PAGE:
So where did Dessert Come From?

For many people of the world, the idea of having a sweet dish at the end of a meal seems a tad bit redundant. After all, why eat more food when a huge meal had just been consumed?

For those of us who come from the Western tradition of restaurants and meal services, the thought of having a slice of pie, a bowl of ice cream, or possibly a slice of cake seems normal. We contemplate these oftentimes calorie-laden dishes without hesitation.

But why? What part of our heritage has determined that these sweetened dishes come last in the meal, let alone arrive on the table at all?

The answer comes from the dinner tables of European monarchs and others in the upper class. Back two to three hundred years ago, meals were served course by course, with each course consisting of several dishes. Each course would have what we would consider three to four entrees, and then an additional four smaller dishes. One could have ones choice of food. Once a course had been finished off, the table would be cleared (remember this, as it plays an important part) and the next course would be served, again with several dishes. Depending on where you lived in Europe and the money you had, a dinner could go on all night, with the meal consisting of several courses. Sweetened dishes were served throughout each course, depending upon the availability of sugar and/or honey.

Keep in mind that sugar as we know it today was an extremely expensive commodity during this time frame, and sweets were used to both please the palate of the guests, as well as communicate to them that the host had wealth and power. It was a subtle method of impressing those on the guest list.

Eventually dinners evolved into three distinct courses, called the premier service, second service, and troisième service. This approach was/is called Service à la française. If you go to higher end Italian restaurants here in the States, you can still see remnants of this type of service on the menu, as the first course is called “Primo”, and the second called “secondo”. But let’s focus on the French here for the moment. Because to serve a meal à la française, the table still needed to be cleared between courses. This action of cleaning the table was called desservir la table. The first dish served after the clearing of the table became known as the desserte,and was almost always a sweetened dish of some sort.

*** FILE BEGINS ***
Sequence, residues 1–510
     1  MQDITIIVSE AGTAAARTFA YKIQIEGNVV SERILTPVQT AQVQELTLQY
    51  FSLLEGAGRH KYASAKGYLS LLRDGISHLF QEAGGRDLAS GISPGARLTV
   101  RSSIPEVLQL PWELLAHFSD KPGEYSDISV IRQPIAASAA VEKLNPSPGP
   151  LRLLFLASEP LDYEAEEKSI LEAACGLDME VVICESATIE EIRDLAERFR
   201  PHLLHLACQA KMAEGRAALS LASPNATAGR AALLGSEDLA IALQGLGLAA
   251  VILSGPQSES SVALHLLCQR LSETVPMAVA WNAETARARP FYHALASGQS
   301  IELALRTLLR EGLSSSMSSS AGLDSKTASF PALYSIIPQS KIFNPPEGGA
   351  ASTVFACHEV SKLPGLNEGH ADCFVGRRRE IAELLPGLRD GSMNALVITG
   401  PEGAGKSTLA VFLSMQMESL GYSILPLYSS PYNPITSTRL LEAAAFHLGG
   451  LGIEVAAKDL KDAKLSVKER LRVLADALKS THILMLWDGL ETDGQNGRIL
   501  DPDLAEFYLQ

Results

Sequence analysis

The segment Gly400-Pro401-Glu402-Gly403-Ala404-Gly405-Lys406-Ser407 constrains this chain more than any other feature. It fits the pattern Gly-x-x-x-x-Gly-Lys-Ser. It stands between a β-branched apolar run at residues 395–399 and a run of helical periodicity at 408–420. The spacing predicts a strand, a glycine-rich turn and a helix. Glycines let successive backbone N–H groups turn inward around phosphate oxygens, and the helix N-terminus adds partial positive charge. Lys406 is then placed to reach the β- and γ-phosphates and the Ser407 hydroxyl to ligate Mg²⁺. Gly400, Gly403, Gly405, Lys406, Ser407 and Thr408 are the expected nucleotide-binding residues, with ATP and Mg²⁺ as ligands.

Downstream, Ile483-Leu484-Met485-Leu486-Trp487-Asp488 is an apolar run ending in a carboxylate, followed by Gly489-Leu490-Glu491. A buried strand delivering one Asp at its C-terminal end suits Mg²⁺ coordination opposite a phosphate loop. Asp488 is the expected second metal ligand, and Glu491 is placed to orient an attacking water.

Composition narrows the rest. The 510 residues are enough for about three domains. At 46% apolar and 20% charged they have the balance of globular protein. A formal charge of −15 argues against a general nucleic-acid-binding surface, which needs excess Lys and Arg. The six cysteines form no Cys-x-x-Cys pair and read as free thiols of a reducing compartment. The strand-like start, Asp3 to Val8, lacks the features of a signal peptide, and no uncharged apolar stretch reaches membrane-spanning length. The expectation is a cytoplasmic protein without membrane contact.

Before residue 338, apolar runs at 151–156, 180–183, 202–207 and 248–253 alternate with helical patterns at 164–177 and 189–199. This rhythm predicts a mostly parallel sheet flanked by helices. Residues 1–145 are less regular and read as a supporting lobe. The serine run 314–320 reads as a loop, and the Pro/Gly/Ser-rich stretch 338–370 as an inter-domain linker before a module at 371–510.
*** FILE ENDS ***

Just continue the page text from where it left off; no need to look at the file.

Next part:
Two things happened which changed the dining world as the Western world knew it:

1) Revolution: Both the American and French revolutions showed the citizens of the Western World of the extravagance of the Royalty. Having chefs who would cook two dozen dishes for a dinner when a country’s lower and middle class had problems cobbling up enough food for one meal a day seemed ostentatious. Those monarchies who had not been overthrown realized that appearance mattered at cut back on the huge meals.

2) The invention of the restaurant: It was the French who came up with the idea of having a place devoted solely for the purpose of serving complete meals to a clientele.

The end result of these developments was that Service à la française, while still practiced by some places, was deemed impractical by others. Service à la russe where each dishes was presented sequentially rather than all at once, became de rigeur.Service à la russe particularly helped restaurants succeed, because cooks could now make meals more cost effective, as each dish was served due to the customers demand.

Within service à la russe, the idea of sequencing the meals meant that the dishes had to come out in a specific order. The sweetened dishes (which by this point had evolved into being served during the troisième service in service à la française was relegated to the last dish served for service à la russe. Because the waiter still had to desservir la table before the last dish, the name of desserte became forever associated with the sweetened dishes that had been served last.